WEIGHT 397 lbs
BODY FAT 52%
WEIGHT 197 lbs
BODY FAT 19%
I loved playing sports, but I was always the big and overweight boy who couldn't keep up with the rest. My older brother was a year and a half older than I and was a natural athlete, so I lived in his shadow. He got me into lifting and training in high school to help me lose weight. I started strong, but fell of the tracks, slipped into old habits, and gained the weight back.
In my early 20s, I was out of breath from simply walking around the block and sweated like crazy doing easy jobs at work. When I moved out on my own, I bought a scale and was in utter shock to see 397 pounds flashing in my face when I stepped on it for the first time. I felt broken, but that sadness turned to anger and then to motivation.
At that point, I hit the gym and used all the tools my brother taught me. There was a long and hard road in front of me, but I embraced the idea and developed a mindset committed to change. My family was supportive and my brother pushed and helped me when I needed it most. People started telling me how great I looked after a few weeks, which made me push harder. People said I was inspiring and it was surreal to hear, but I knew I had farther to go.
Now I use lifting as a stress release. It's almost therapeutic to feel the weights clang in my hands. Every day, I get off work, look forward to the gym, and try and push myself past the next threshold.
When I first started, I kept it simple with light weights, low reps, and long walking cardio. As I lost weight and gained strength, I walked faster and lifted heavier. As I progressed, I started asking the trainers about new lifts and mixed their recommendations into my plan.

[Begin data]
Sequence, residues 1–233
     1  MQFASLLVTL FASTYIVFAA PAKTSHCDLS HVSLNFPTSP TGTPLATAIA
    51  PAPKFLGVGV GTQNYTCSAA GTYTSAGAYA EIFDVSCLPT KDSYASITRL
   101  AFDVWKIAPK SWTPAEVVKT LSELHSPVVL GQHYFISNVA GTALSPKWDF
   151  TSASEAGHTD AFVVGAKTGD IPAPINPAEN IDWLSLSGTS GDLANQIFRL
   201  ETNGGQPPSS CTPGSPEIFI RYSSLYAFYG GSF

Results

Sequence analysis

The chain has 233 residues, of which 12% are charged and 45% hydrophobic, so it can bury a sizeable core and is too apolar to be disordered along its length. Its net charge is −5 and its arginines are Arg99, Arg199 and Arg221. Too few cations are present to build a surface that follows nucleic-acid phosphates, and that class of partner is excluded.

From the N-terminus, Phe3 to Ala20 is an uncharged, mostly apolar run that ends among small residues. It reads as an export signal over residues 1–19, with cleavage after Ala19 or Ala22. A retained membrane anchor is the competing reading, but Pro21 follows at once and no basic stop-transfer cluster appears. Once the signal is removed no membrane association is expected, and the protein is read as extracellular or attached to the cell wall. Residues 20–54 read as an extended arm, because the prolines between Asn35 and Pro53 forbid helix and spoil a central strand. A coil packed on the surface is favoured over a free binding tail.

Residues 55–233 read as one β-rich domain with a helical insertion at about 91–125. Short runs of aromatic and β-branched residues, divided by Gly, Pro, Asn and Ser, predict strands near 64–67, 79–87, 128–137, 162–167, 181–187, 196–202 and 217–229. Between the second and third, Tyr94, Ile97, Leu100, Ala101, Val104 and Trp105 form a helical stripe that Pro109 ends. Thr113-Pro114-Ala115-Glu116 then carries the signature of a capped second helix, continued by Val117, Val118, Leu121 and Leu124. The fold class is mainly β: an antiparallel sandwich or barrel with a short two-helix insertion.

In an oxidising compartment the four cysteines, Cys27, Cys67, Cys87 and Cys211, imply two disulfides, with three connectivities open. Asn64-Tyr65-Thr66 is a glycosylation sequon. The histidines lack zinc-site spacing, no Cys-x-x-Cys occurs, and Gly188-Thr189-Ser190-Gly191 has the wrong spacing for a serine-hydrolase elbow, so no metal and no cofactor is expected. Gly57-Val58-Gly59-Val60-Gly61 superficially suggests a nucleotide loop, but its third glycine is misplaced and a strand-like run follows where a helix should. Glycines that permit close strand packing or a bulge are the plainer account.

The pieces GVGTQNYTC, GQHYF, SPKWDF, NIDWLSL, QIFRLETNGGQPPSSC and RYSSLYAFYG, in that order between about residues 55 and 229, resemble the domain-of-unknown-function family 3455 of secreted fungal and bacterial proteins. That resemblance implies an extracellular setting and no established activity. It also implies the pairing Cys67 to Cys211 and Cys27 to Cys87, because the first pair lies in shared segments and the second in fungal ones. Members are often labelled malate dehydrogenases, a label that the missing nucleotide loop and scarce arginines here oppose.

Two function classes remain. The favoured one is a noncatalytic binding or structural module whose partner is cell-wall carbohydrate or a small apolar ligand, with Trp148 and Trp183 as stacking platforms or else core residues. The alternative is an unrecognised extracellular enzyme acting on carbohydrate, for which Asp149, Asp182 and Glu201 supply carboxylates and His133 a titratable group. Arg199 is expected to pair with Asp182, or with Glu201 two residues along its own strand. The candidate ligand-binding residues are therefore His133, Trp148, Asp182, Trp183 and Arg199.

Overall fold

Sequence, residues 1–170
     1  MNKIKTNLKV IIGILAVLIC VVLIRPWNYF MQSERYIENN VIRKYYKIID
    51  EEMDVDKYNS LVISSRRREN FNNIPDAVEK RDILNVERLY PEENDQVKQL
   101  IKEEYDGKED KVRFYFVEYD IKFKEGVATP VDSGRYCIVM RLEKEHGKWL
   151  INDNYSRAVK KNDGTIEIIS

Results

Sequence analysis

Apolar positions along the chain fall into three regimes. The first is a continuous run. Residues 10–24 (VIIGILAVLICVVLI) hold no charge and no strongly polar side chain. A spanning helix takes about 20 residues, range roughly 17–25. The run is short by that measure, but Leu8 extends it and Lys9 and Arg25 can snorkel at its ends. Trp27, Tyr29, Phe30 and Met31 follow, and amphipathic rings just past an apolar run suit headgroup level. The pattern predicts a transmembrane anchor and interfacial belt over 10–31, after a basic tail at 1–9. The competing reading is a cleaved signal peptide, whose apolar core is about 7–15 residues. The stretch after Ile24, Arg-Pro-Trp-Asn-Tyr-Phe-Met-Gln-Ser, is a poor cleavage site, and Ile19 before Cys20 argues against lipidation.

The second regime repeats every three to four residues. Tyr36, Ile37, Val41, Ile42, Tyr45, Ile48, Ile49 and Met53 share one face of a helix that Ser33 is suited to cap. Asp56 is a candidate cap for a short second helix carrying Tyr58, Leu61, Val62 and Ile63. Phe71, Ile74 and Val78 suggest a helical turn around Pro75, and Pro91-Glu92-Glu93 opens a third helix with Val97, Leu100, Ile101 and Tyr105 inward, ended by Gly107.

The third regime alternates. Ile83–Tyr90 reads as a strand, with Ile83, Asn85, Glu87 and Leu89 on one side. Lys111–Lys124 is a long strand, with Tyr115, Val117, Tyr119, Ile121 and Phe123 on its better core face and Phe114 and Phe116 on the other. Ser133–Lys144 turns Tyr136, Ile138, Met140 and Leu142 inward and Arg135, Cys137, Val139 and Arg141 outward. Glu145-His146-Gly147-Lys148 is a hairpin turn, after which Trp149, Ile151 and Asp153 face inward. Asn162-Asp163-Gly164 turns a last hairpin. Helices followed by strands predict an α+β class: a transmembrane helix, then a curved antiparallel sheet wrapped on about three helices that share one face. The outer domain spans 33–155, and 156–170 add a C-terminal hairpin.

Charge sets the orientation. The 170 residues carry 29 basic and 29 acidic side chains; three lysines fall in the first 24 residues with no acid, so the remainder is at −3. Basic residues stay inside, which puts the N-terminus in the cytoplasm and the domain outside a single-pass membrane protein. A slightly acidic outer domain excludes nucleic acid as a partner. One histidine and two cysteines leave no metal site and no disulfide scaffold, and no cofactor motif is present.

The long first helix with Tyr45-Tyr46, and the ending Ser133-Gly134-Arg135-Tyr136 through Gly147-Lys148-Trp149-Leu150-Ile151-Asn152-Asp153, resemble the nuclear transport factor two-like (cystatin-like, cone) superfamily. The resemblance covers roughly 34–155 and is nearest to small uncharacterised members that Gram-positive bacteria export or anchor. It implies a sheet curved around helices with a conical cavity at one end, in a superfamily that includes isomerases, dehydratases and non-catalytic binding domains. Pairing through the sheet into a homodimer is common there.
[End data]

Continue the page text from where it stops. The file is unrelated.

I researched online and in magazines to piece together what worked best for me. I was and still am trying to push myself past my comfort zone to see how far I can take my body. There were many times I thought about quitting. In the early days, I stepped on the scale and weighed the same as I did the previous time. I would get down on myself and think that my hard work and effort were for nothing.
To get past my failures, I took a deep breath and reminded myself that it was all part of the journey. I couldn't give up because I came too far and put in too much to worry about a number on the scale. That's when I formed a new attitude and quit stepping on the scale as often. At the end of the day, it was just a number. I felt better, looked better, and lifted more. I didn't need a number to tell me I was doing a good job.
Dieting was difficult until I started to count every calorie I ate. When I got that under control, I had more energy and recovered much faster.
I will continue to work hard and push myself outside my comfort zone. I want to make more gains and cut more body fat. I want to become a better athlete so I can play hockey at a higher level and get into MMA.
- Drink lots of water.
- Count calories and eat clean, whole foods.
- Don't worry what the scale says.
- Set small goals with a few long-term goals.
- Embrace the goal and understand it will not happen overnight.
Bodybuilding.com has been a great aid to my progress. It has a great selection of supplements and provides plenty of knowledge to assist you on your journey.
- "The Push" by Wilderness Crew
- "Stomp" by Young Buck, feat T.I., The Game & Ludacris
- "Hustler's Ambition" by 50 Cent
- "Bodies" by Drowning Pool
- "Desensitized" by Classified